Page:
Just a fraction of the provisions necessary for 4 people for a 12 day passage.
The view from above!  A trip up the mast is always required before a long passage.
Mira festively decked out in her dress flags for the Rally.
Mira passing the rigorous safety inspection.
Safety demonstrations included PFDs, life rafts, and flares.

Glenn, Karen and Jason at Happy Hour in historic Portsmouth, VA.
Mira’s crew decked out in their Halloween best.
Pam and Karen off to provision!
Glenn studied weather information for the passage.
Departure Day! Sunday, November 4th!

 

 

 

Friends, Family & Crabs in Annapolis

Here’s a look at our new temporary home along the dock in Bert Jabin’s Yacht Yard in Back Creek, Annapolis, MD. We were excited about the yachty vibe in Eastport and Annapolis. Everyone either owned a sailboat or sailed on someone else’s – great energy and memories of sailing from Annapolis in our twenties.  There were more marine services, stores, professionals than we had ever seen – Glenn was like a kid in a candy store!

The summer sunsets on Back Creek were spectacular.

Another great part about being in Annapolis – was that it was close to our daughter Kelly in DC and to lots of friends and relatives – living in Richmond or Maryland or Philadelphia! So we got lots of visitors.

Kelly and her friends, Anna and Chris, headed down from DC early one Saturday morning in early August – we piled aboard Mira and headed out into the Bay.  St. Michael’s – an adorable waterfront town – was our destination.

Glenn was so excited to be sailing again – except we mostly motor-sailed.  😦    Summer on the Bay.
Kelly, Anna, and Chris taking advantage of a gorgeous day.
St. Michael’s
Picking crabs is a family tradition, started by Glenn’s grandmother at the Jersey Shore. Glenn never misses an opportunity to pick a bushel of crabs. Chris was up to the challenge and Anna helped! 

It was also important to provide a how-to video for crab pickers everywhere.

The Crab Claw in St. Michael’s – all clean before that huge pile of crabs arrived!
Before a very silly crab dance.
The Inn at Perry Cabin in St. Michael’s  – the site of some very good times back in the early days of Pam and Glenn.

A few days after Kelly and friends left, Glenn’s cousin Bruce and wife, Lee Ann, arrived from Pennsylvania for some more Mira fun. Again, we headed out in the Bay for St. Michael’s – again we motored. 😦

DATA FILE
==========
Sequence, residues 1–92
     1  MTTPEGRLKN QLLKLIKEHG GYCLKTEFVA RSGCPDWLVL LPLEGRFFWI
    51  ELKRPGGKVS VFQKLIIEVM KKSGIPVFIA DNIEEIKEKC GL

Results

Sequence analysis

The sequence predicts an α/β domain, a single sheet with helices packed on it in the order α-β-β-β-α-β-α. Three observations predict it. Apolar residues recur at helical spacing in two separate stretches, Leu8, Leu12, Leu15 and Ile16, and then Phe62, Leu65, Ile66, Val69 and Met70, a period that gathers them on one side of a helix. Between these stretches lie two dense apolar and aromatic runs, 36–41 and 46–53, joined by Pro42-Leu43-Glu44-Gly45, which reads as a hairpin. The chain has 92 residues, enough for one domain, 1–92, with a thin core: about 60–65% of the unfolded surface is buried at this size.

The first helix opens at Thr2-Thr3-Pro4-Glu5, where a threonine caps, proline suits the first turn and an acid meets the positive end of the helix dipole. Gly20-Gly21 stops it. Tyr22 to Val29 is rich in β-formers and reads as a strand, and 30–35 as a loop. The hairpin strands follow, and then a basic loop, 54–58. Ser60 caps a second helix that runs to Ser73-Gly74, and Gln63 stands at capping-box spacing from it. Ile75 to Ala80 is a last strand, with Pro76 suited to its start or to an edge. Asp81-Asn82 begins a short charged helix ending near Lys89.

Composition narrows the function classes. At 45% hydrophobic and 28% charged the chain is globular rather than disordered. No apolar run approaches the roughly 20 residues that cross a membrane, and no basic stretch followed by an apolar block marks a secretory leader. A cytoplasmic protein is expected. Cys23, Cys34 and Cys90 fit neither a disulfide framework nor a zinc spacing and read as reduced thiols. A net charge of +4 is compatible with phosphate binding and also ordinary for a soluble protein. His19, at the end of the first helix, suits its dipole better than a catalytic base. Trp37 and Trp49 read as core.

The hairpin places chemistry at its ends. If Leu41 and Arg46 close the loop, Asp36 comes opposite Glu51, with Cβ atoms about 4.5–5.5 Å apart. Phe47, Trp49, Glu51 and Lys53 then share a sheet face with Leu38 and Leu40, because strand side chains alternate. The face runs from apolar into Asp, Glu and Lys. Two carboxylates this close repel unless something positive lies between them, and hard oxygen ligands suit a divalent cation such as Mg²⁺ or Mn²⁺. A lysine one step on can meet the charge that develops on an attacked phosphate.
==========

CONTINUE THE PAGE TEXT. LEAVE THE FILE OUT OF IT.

St. Michael’s Marina
Bruce and Lee Ann

Glenn didn’t miss ONE more crab picking opportunity!

Glenn and Pam’s very good high school friend, Al, brought his daughter to visit Mira in Annapolis. This time we didn’t even attempt sailing, but we had a great time visiting and of course, picking crabs!

In the middle of August, we “sailed” Mira overnight back to Norfolk to Cobb’s Marina. We spent almost 10 days there having our two Volvo engines replaced. Volvo recalled the engines due to an emissions issue, and we got brand new engines!

Heading early in the morning into Norfolk – we encountered the USS Bush heading into the Naval Base. It is huge!!

The only good part about being stuck in a marina getting Mira torn apart for new engines – is that we got to see our sweet friends, Babs and Bob, in Virginia Beach again!!

Heading back north to Annapolis once again, we had 3 ft seas and strong winds on the nose due to a cold front sweeping through. The first 7-8 hours were quite bumpy then the Bay calmed down. It’s really shocking how much the Bay can seem like the Ocean.

Pam was able to see the sunrise and sunset and planets at the same time while on watch – hard to hold the phone still with the bumpy waves and wind!

Time for Pam to take a break Mira and her boat work, so she headed up to DC to spend the night with Kelly.

Yummy dinner with our girl!

As August came to a close, we were able to entertain a little more. Pam’s sister, Cathy, and our niece, Ellie, were able to drive over from Richmond to spend the night and explore Annapolis with us. Again, no sailing. 😦   Maybe September will bring wind!

Summer motor-sailing up the East Coast and through the Atlantic Intracoastal Waterway (ICW)

The middle of July, and Mira was on her way again. We pulled out of Charleston Harbor just before dawn. The harbor can be a little tricky with currents and tides – so we timed our exit to coincide with slack current.  The “outside” sail from Charleston SC to Beaufort NC was about 18 hours for Mira. We left at 6 am and arrived in Beaufort about noon the next day.  It actually wasn’t a sail, but more of a motor. Another overnight passage under Pam’s belt! We were quickly learning that there is not much wind (other than squalls) during the summer along the East Coast.

We did have an amazing pod of dolphins greet us in the ocean. They had the most fascinating stripes and markings.

We were also rudely disturbed during the night by a school of flying fish. One little guy even managed to fly through the port light on the starboard side and scare the daylights out of a soundly sleeping Glenn! They were scattered all over Mira – on the bimini, tramps, sugar scoops, and in the dinghy. I’m sure they were as startled as we were!

Beaufort, NC, is a scenic waterfront town with charming shops, restaurants and an iconic main drag, Front Street. We enjoyed wandering and exploring and were even able to catch up with friends from our Caribbean travels – Fletcher and Kris from s/v Lovely Cruise!